On the plus side, although the average price of a home is on the rise in Kittitas County (up about 16 percent from last year), it’s still cheaper to buy a house here than in King County. According to figures from the Northwest Multiple Listing Service, the average price of a home in King County is $292,975, compared to $168,700 in Kittitas County.
But Kittitas wages are lower, too. The average annual income in King County is $47,185, according to figures from the state Employment Security Department. In Kittitas County, it’s $23,283
“There’s not a ton of good-paying jobs,” says Ron Sweigard, 41, a firefighter who’s worked for the city of Kent for 19 years. To work in the same capacity closer to home in Cle Elum, “would be a big pay cut,” he says.
So Sweigard drives 96 miles one way to work, leaving by 5:15 a.m. in winter in order to grab a latte, avoid semitrucks departing Ellensburg and arrive at the station on time for his 24-hour shift, which starts at 8 a.m.
“It’s a little bit of a compromise,” says Sweigard, who moved eight years ago from Federal Way. But, “we didn’t want to raise a family on that side.”
He and his wife have two daughters, ages 10 and 7, who can sled down their driveway, or snowmobile to the Old Number Three in Ronald, a favorite burger joint a few miles away. And Sweigard, who – as a firefighter – has one of the most stressful jobs in the country, second only to the president of the United States according to the 2002 “Jobs Rated Almanac,” gets to live “away from the sirens.”
The drive’s not so bad most of the year. It’s a straight shot on I-90 over the mountains to downtown Seattle, where many Kittitas commuters work.
Once the temperature drops, though, braving the pass can be a harrowing experience. Or a harebrained undertaking, Or both, depending on whom you ask.
Snow and ice make it difficult to see the lines on the roadway, let alone deer or coyotes that might be darting across lanes. Semitrucks also shoot past, splattering slush across windshields. It can be a white-knuckle drive.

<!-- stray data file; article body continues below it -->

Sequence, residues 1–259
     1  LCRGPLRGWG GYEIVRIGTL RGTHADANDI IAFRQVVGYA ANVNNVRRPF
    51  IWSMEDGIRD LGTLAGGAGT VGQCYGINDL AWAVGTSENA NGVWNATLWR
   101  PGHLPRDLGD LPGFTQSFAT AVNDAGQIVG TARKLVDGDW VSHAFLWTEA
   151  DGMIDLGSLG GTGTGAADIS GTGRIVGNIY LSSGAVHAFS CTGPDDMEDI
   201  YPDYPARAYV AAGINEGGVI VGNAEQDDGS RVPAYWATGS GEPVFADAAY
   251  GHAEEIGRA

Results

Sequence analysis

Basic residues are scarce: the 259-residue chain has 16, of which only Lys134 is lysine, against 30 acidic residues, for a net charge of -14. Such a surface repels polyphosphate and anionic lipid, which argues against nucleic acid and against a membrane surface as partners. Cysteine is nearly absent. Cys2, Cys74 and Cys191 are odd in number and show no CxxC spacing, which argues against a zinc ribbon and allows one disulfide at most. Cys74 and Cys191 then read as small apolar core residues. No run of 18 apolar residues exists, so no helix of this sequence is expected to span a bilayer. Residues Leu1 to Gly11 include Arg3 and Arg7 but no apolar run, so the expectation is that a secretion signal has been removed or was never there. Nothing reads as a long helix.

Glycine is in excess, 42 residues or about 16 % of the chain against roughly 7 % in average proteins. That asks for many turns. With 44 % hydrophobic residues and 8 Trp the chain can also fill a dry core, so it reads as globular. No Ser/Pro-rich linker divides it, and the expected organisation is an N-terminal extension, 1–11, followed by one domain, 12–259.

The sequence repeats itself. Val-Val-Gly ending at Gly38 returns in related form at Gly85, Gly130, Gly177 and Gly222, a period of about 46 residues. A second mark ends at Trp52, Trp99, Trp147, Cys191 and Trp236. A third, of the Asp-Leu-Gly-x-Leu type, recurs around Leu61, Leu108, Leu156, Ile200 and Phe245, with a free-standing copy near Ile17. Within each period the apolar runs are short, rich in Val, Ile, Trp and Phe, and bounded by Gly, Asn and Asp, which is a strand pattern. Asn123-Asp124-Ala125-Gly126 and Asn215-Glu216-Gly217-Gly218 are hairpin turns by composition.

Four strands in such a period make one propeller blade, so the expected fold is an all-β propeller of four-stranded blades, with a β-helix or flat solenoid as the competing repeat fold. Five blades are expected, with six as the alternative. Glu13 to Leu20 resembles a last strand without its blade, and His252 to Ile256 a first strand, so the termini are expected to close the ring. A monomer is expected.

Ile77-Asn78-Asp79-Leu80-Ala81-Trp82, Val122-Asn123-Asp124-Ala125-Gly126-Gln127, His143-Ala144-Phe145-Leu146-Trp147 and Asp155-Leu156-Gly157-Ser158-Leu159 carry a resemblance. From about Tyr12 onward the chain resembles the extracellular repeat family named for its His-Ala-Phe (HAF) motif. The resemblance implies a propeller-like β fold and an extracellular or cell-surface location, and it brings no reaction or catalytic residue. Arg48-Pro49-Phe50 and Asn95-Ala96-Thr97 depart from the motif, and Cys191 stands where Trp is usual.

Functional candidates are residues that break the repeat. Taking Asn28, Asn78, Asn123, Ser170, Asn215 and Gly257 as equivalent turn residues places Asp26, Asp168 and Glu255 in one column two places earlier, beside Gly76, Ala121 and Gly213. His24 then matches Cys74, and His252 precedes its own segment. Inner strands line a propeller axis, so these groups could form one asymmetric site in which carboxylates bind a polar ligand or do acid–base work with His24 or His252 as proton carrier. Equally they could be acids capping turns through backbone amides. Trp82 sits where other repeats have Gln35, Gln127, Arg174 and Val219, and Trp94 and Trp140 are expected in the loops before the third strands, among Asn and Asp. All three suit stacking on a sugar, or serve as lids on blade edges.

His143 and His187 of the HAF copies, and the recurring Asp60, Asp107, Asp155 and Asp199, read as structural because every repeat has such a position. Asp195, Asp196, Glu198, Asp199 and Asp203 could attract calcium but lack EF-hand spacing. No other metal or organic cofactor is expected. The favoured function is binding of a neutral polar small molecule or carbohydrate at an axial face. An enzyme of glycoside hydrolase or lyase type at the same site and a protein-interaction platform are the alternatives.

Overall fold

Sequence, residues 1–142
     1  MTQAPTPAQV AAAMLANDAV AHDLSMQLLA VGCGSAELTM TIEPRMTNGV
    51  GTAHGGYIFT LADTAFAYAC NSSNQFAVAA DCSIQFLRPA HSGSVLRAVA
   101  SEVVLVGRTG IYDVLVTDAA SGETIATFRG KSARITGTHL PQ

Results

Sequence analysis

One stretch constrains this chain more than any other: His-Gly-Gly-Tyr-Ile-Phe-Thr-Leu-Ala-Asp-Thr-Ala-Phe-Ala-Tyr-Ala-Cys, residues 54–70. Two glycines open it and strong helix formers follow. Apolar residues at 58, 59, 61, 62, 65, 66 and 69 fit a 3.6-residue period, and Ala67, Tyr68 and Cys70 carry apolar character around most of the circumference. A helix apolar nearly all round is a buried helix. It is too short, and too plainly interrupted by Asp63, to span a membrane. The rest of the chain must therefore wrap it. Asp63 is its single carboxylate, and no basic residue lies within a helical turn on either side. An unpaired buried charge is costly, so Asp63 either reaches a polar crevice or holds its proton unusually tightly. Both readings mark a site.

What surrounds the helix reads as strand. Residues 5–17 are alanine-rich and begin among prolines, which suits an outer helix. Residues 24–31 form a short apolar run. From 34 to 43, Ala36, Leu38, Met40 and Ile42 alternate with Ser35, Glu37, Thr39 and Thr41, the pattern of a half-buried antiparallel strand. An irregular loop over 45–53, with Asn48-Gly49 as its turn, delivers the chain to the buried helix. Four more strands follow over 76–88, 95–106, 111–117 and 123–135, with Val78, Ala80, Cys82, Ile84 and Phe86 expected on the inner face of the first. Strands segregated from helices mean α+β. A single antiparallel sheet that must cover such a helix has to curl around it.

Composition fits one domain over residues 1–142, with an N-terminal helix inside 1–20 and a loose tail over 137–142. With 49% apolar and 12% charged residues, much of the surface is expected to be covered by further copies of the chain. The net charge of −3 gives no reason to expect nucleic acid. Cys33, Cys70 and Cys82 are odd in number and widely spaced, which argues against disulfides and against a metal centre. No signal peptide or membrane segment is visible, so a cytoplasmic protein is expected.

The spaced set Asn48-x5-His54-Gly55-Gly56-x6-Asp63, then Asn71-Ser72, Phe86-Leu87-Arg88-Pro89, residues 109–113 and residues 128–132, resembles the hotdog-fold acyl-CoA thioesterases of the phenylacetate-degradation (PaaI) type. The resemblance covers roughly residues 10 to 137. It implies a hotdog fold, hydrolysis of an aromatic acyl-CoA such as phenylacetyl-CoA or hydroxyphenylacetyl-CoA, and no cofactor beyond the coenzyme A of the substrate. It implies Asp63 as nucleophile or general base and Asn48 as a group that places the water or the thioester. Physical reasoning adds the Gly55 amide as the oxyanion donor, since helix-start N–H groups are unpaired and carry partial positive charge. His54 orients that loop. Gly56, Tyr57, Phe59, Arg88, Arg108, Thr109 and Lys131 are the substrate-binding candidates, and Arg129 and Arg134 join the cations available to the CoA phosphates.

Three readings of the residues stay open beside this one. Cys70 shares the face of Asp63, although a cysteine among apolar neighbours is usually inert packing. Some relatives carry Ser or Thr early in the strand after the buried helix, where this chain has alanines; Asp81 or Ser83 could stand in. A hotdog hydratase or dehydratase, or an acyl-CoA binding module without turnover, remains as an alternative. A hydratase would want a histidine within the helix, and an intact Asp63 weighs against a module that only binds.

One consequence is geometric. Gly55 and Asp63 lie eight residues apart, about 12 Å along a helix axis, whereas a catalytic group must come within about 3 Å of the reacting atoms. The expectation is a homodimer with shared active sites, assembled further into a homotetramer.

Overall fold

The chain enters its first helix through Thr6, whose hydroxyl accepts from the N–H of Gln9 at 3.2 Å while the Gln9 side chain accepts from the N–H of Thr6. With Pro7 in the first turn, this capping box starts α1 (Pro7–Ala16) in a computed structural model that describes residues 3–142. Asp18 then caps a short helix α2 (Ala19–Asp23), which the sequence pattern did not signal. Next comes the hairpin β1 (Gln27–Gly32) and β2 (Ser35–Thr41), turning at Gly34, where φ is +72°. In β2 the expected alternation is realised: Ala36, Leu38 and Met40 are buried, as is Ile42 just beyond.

The pass can close, too, leaving commuters stranded in the Seattle-area, seeking hotel rooms and restaurants or the hospitality of friends and colleagues. It can also leave them stuck at home, unable to get to work.
Bill Burr of Thorp, a senior project manager for Microsoft, takes his laptop computer home every night, just in case something – the weather, a bad accident on I-90 – prevents him from getting to work. But normally, he hits the road around 6:30 a.m.
The commute “is a good time for me to prepare myself mentally for the day,” says Burr, 51, who moved from Michigan in 2001 for the job. Now, he logs 81 miles one-way to work. “On the way back, it’s the opposite; it’s good decompression time.”
Many commuters have their favorite radio stations preset and keep their most-listened-to CDs close at hand. They practice presentations, dictate memorandums, drink a cup of coffee and make work-related calls, usually via hands-free cellular phones. There’s even the occasional epiphany.
“I think about work or basketball or both,” says Holmes. “I’ve created really good basketball inbound plays. I’ve figured out where to catch fish on a particular body of water. And I’ve solved problems – work-related problems, dinner-table problems – in the car.
“Half the time, the radio’s not even on,” he says.
Cresting Snoqualmie Pass for the final descent of the week, work worries and West Side concerns seem to be left on the other side of the mountains. Kittitas commuters welcome that homestretch of I-90 and the county roads that lead to their unpaved driveways.
Once Holmes is back, “I’m just glad to be home,” he says. “It’s such a different world out here. Just being here is a big relief.”